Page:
Advisory Board Letter Example

Use This Advisory Board Letter Example to Get People to Join Your Board

Board Letter Invitations
Sending out an advisory board letter. Image (c) PhotoAlto/Odilon Dimier / Getty Images

Below you'll find an example of an advisory board letter you can use to invite people to serve on your small business's board. 

An advisory board staffed with qualified individuals can provide your business with advice and expertise in a variety of disciplines including management, marketing, accounting, staffing, customer service, technology, etc. Harness the Power of an Advisory Board explains what having such a management group can do for your small business in more detail.

To persuade people to serve on your board you need to craft an invitation letter that describes the benefits of becoming an advisory board member for your business. In other words, just as in any other kind of marketing, you are making a pitch and you have to make joining your board as attractive as possible to your potential recruit.

The following is a sample of how such a letter should be structured - feel free to customize it as required and use it to invite people to serve on your own small business advisory board.

Sample Advisory Board Letter (for fictional company Consider It Done)

Your company letterhead

(Prospective Board Member's Name and Address)

(Date)

Dear (Board Member's Name):

(Introduction - short and direct)

I'm pleased to invite you to become a member of the Consider It Done Business Advisory Board for 20__ - __.

(Pitch - What are the benefits to this advisory board member?)

(*Don't forget to customize this section of the business invitation letter for the particular person you're inviting.)
(*Use bullet points if you have more than two benefits.)

As one of the pioneers of the Virtual Assistant (VA) Industry, being a member of Consider It Done's Advisory Board provides you with a stellar opportunity to continue to shape the VA industry. My company, Consider It Done Ltd., needs a new direction. A person with your experience and insight would be the perfect person to help me determine whether my company should break new ground or whether there's still value to be gleaned from the traditional territory.

I will certainly cover any expenses you incur from attending advisory board meetings and also offer a $500 honorarium to be paid directly to you or to a charity of your choice.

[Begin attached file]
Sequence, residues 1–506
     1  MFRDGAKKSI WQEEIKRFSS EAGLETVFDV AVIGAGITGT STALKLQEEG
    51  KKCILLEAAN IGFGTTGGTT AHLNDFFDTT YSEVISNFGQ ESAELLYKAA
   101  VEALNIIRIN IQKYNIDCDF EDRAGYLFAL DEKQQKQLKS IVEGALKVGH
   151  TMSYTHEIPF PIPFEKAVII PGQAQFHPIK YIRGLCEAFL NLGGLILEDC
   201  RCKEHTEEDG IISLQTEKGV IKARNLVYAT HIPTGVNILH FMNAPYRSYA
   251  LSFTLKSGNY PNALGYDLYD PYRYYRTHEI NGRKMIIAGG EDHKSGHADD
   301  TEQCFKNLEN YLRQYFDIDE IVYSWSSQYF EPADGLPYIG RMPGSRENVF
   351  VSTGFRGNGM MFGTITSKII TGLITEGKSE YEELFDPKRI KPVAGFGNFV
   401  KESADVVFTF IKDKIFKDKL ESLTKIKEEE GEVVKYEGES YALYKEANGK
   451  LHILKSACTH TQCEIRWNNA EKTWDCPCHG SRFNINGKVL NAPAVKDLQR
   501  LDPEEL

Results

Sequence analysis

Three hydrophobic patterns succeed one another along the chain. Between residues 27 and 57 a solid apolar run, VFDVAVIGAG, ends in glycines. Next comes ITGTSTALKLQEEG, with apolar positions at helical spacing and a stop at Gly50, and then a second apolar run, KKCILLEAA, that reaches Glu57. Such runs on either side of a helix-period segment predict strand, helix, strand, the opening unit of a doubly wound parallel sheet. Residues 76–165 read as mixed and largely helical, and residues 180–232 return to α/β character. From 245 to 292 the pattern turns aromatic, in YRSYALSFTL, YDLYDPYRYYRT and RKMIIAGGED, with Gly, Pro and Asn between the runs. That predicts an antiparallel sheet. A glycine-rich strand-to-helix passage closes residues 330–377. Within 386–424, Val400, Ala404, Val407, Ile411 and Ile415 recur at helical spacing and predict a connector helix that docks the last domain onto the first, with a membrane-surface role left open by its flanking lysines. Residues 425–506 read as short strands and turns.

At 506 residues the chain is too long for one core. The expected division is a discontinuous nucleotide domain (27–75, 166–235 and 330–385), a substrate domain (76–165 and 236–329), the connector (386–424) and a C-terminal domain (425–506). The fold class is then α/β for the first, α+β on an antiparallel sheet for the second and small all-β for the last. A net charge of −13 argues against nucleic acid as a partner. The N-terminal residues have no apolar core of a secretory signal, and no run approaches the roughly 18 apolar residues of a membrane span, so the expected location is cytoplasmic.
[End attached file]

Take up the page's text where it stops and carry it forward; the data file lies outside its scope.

(Overview of the Company - Describe what your company does.)

Operating since 2002, Consider It Done Ltd. provides a spectrum of business services to clients, ranging from data-processing through graphics design. First started as a one-woman operation run from a basement, Consider It Done Ltd. now has three full-time employees and a host of part-time contract workers. We continue to focus on filling our clients' needs completely and fully; our company motto is "We'll do it right".

(Advisory board's mandate and focus - What are the advisory board’s goals?)

The main purpose of the Consider It Done Ltd.'s Business Advisory Board is to provide management advice about the direction the company should follow. Specific goals for this year include developing a niche market strategy and revamping/updating the company's online presence by creating and implementing a social media plan.

(Details - What are the responsibilities of board members?)

The Board will meet three times this year, each meeting consisting of a dinner and following the ​two-hour discussion. There may also be some follow-up questions/discussions by email. Because of the nature of the matters to be discussed, members will need to sign a confidentiality agreement.

(Close and thank you)

Thank you for taking the time to read this letter and to consider being a part of Consider It Done Ltd.'s Advisory Board. I will be in touch with you soon but in the meantime, I’m available to discuss any questions you may have. You can reach me by phone at (phone number) or via email at (email address).

Sincerely,

(Your signature)

Name
Title

 

Follow Up

Do remember to follow up on this advisory board letter as you said you would! Allow at least a week to pass before you call the prospective board member as people (especially the kind of people you want on your board) are so busy.

Call instead of emailing if possible, to begin with as email is much easier to ignore than a phone call.

And continue to follow up as necessary. It may take more than one call or email to reach your prospective recruit, or the person may ask you to call back in a certain period of time after they've had a chance to think it over.

Good luck with your recruiting!